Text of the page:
Introduction: Family members including children are all impacted by a family member’s mental illness. Although mental health services are increasingly encouraged to engage in family-focused practice, this is not a well-understood concept or practice in mental health care. Methods: An integrative review using systematic methods was conducted with international literature, with the aim of identifying concepts and practices of family-focused practice in child and youth and adult mental health services. Results: Findings from 40 peer-reviewed literature identified a range of understandings and applications of family-focused practice, including who comprises the ‘family’, whether the focus is family of origin or family of procreation or choice, and whether the context of practice is child and youth or adult. ‘Family’ as defined by its members forms the foundation for practice that aims to provide a whole-of-family approach to care. Six core practices comprise a family focus to care: assessment; psychoeducation; family care planning and goal-setting; liaison between families and services; instrumental, emotional and social support; and a coordinated system of care between families and services. Conclusion: By incorporating key principles and the core family-focused practices into their care delivery, clinicians can facilitate a whole-of-family approach to care and strengthen family members’ wellbeing and resilience, and their individual and collective health outcomes.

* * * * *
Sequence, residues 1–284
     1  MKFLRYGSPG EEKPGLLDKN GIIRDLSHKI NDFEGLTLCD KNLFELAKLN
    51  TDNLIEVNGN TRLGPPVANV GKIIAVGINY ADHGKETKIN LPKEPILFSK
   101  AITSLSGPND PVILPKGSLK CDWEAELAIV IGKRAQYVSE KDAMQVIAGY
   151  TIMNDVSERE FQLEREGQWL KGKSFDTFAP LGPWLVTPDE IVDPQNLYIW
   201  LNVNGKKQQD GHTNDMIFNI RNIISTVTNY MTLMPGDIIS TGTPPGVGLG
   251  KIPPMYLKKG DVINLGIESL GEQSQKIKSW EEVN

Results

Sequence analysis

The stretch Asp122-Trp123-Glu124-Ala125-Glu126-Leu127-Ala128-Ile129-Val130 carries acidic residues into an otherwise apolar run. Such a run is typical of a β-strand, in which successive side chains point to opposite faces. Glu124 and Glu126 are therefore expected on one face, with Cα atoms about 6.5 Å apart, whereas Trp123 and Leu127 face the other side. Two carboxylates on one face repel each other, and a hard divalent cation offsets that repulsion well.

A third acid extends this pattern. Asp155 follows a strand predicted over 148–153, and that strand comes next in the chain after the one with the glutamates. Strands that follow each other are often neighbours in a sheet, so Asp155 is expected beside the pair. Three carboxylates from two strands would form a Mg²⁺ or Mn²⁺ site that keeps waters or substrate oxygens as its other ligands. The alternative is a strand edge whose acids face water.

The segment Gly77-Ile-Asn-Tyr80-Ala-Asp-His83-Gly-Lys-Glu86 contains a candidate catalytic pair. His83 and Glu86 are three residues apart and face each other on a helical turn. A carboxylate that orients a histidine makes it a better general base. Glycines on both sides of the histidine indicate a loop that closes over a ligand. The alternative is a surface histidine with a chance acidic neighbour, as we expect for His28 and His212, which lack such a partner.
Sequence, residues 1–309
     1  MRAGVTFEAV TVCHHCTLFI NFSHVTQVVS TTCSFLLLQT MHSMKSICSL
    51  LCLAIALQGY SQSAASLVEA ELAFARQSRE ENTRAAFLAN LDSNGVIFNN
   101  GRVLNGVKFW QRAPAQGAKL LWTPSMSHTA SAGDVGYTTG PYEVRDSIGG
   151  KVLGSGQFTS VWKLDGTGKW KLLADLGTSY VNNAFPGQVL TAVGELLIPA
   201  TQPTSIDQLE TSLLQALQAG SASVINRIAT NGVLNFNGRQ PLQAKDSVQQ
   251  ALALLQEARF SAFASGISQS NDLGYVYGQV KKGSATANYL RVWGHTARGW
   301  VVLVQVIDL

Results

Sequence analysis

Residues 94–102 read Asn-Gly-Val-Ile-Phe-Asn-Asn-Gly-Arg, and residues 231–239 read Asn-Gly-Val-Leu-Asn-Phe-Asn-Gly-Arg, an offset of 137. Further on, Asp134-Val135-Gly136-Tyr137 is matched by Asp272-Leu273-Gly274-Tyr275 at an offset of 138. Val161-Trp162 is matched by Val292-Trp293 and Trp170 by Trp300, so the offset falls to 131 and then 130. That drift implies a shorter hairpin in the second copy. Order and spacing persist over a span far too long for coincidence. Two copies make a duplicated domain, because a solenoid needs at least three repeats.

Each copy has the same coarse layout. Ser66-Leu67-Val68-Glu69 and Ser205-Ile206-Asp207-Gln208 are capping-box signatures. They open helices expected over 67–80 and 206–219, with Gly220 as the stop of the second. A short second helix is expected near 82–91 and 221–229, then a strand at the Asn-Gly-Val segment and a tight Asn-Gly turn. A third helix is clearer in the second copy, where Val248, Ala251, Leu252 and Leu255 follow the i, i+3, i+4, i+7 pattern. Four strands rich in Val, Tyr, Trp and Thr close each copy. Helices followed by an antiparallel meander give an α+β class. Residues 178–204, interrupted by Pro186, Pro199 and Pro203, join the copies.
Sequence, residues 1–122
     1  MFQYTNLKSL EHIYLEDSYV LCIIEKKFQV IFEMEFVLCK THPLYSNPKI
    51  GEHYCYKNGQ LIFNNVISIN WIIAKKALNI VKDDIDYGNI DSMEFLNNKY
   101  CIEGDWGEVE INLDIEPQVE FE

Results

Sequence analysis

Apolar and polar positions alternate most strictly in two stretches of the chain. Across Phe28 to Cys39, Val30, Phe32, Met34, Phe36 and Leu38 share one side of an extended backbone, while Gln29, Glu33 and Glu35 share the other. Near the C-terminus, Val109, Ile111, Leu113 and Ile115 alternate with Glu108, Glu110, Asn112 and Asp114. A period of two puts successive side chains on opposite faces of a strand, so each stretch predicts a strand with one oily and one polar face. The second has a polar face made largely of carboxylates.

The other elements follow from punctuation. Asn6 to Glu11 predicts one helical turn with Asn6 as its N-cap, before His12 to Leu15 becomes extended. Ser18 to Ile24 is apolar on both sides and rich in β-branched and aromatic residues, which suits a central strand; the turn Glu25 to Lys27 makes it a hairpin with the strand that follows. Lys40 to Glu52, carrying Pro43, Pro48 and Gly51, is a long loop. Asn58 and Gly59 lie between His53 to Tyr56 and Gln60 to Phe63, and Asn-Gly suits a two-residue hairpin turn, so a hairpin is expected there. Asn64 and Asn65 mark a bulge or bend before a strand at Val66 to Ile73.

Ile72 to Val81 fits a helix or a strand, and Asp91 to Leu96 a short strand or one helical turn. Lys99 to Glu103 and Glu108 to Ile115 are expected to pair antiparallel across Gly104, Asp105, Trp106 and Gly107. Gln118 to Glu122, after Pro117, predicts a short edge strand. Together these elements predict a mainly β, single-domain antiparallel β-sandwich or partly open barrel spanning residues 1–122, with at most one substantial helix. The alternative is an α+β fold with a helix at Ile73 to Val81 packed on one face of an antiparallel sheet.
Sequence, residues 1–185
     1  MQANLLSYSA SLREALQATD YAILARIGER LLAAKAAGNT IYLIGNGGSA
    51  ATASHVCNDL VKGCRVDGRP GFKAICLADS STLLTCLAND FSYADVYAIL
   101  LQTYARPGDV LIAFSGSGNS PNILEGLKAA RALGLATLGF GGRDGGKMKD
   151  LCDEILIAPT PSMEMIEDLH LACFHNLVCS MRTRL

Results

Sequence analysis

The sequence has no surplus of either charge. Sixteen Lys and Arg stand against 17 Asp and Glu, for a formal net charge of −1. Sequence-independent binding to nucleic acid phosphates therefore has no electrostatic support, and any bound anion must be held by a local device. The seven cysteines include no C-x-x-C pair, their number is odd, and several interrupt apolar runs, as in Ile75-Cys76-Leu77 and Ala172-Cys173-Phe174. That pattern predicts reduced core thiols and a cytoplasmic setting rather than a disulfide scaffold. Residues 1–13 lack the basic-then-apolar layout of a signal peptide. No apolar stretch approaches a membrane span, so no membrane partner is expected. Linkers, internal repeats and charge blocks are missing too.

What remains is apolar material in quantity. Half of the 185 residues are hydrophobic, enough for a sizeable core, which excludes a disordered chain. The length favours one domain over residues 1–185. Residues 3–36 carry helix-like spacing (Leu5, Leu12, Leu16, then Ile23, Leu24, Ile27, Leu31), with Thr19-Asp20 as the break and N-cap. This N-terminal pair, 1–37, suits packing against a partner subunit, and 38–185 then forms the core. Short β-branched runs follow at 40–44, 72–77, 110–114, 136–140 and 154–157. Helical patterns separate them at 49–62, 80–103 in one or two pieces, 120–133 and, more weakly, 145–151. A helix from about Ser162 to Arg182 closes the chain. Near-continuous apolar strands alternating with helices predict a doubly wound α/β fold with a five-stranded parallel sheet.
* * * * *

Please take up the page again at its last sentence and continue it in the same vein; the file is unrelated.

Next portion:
|Publication status||Published - 2016|
|Event||Fifth International Conference on Families and Children with Parental Mental Health Challenges - Basel, Switzerland|
Duration: 17 Aug 2016 → 19 Aug 2016
|Conference||Fifth International Conference on Families and Children with Parental Mental Health Challenges|
|Period||17/08/2016 → 19/08/2016|